A few weeks ago, a client forwarded an email from another department in their organization that had previously received criticism for being a bit cranky on email messages. This time, the email started with:
I hope you are having a great day today.
The remainder of the email was just as cranky as all the others messages I’d seen from them before.
It isn’t hard to guess at what happened. Someone probably received well-deserved criticism for cranky emails and decided to do something. A well-intended line of thinking might have gone like this: “Hey, we need to fix this problem fast. Hmmm…I know! Let’s tell everyone that they need to say something nice at the start of all emails.”
The result was jarring in print. The claim at the beginning was completely incongruent with the message. It would have been better if the writer had skipped the attempt all together.
The “solution” addressed the symptom, not the problem.
Of course, I’ve been guilty of this myself. I’ve spent years teaching listening skills in training classes and workshops. For the most part, these workshops have focused on the practical tools of listening: eye contact, facial expressions, being able to repeat back to the other person what was said, etc., etc.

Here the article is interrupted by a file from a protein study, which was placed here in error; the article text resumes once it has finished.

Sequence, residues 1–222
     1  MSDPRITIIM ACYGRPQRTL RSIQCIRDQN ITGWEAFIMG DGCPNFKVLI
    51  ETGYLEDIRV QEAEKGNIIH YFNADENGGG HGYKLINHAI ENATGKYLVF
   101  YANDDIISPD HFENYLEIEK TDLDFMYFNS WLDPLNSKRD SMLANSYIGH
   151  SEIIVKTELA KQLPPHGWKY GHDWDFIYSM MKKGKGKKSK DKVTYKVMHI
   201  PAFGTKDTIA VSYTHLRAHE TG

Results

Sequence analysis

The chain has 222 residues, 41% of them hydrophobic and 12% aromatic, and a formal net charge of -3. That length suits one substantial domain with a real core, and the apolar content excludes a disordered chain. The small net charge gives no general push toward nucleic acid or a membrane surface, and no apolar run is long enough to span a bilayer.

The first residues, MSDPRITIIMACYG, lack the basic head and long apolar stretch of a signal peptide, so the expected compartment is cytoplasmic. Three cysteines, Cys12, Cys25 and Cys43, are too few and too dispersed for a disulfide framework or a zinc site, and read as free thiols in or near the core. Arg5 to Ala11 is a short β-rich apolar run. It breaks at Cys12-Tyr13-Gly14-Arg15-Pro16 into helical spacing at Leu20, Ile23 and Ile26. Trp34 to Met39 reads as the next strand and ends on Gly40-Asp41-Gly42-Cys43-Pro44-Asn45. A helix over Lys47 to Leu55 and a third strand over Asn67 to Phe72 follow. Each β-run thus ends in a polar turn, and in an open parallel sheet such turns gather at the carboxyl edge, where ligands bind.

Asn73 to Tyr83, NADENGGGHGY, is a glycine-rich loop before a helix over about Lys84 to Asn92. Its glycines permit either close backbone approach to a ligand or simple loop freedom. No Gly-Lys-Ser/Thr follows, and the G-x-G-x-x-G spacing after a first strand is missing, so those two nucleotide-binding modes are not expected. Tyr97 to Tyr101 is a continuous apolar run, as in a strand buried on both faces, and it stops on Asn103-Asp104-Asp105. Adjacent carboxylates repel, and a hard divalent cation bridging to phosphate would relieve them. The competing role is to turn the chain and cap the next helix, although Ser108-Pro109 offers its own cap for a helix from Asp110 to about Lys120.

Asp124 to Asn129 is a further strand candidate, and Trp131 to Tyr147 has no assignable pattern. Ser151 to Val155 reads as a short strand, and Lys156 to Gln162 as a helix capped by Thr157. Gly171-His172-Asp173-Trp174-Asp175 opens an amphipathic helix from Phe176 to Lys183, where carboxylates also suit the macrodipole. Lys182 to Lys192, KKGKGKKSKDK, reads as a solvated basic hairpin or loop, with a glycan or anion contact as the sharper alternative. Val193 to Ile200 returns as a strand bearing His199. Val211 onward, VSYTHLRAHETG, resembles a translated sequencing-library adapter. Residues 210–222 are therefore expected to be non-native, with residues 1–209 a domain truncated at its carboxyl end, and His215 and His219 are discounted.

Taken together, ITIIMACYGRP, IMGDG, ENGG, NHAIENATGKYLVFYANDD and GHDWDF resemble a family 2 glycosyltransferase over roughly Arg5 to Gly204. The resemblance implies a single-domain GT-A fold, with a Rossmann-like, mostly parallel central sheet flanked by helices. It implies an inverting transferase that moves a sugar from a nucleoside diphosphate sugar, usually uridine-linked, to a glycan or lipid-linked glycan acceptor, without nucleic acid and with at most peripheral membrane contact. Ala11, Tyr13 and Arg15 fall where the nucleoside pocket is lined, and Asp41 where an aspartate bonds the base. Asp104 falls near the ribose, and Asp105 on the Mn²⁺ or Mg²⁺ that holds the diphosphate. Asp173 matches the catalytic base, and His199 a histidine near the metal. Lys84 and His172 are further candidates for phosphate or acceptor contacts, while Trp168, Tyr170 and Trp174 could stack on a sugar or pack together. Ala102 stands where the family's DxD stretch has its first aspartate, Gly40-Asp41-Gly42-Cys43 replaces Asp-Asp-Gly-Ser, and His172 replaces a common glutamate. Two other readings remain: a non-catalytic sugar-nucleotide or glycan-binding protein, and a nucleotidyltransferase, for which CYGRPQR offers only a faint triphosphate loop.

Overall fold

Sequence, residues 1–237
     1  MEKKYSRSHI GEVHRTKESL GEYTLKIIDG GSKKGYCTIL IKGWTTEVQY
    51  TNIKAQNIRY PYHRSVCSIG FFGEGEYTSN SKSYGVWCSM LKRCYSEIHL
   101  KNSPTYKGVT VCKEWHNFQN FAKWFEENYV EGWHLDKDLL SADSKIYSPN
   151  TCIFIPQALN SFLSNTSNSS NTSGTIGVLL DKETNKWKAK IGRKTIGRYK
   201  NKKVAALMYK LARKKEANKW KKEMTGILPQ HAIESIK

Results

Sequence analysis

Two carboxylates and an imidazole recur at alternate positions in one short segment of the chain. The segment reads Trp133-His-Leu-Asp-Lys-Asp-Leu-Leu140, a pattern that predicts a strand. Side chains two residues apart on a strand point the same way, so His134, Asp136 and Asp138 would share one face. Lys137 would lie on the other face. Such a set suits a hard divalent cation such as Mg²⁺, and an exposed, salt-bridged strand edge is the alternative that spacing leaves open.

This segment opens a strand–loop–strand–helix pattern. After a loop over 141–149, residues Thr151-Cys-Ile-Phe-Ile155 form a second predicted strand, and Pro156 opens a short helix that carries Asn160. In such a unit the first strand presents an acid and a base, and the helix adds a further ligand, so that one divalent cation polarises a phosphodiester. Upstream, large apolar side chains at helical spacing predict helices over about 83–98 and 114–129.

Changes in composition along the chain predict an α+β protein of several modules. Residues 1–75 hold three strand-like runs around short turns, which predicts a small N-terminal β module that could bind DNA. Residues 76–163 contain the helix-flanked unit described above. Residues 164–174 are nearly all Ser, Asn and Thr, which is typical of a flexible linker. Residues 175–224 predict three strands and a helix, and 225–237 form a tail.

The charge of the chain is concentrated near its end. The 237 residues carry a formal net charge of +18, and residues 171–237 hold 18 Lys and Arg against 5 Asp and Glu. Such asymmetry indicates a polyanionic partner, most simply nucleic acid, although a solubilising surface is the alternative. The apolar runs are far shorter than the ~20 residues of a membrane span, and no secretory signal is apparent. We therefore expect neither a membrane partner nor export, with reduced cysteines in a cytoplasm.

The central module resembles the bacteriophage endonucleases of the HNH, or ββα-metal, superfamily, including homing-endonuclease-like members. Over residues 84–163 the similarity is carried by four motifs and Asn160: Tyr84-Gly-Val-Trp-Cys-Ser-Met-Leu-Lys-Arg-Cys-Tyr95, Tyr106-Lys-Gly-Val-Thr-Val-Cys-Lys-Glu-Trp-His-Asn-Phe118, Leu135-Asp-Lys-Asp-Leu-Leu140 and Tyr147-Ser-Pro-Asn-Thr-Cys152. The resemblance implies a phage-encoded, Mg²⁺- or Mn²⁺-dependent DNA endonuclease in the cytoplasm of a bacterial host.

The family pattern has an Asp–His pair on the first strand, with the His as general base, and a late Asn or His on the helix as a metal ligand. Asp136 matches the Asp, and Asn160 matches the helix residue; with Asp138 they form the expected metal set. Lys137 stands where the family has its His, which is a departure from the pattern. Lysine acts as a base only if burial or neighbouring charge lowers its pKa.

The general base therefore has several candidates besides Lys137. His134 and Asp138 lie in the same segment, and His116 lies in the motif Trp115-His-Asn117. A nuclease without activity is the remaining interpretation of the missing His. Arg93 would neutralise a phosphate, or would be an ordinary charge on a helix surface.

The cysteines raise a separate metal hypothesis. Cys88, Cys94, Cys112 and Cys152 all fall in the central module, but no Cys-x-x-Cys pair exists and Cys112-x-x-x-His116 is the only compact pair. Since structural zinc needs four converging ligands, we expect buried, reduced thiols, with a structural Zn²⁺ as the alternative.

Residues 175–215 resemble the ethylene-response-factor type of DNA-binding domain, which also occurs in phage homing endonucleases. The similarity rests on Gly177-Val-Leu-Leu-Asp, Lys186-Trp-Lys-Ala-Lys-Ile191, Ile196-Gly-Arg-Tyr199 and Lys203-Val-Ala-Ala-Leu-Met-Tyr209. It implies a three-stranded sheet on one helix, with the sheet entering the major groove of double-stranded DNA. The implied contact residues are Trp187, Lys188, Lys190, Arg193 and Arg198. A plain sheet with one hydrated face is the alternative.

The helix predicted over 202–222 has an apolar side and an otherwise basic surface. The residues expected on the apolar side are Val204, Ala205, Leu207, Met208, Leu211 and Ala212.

All of the above are pretty good tools and help people appear as though they are listening better. Yet, I’ve sometimes failed to emphasize the central point:
The real way to demonstrate caring is to actually care.
If you want to see this in action, spend a few minutes observing a couple interact that have just fallen in love. They don’t need to be reminded to say something nice at the start of the conversation, or to make eye contact, or to listen well.
You’ll see something not all that different if you observe someone during their first week of a new job. Chances are they do pretty good job of listening, starting new relationships with a smile, and work hard to meet some initial objectives.
In both situations, people care a lot.
The problem for most of us isn’t that we don’t know how to care. In fact, most of us are masters at caring under the right conditions and circumstances.
Most of us just don’t prioritize caring. We assume that we’ve done enough already and that a bit of automation around caring will take care of most of the ongoing stuff.
If you, like me, suspect you fall into this trap too, here’s a flowchart with three questions you can ask yourself to help bring clarity on what to do:
Invest genuine attitude and effort in caring about the people you want to care about and avoid faking it with those you don’t.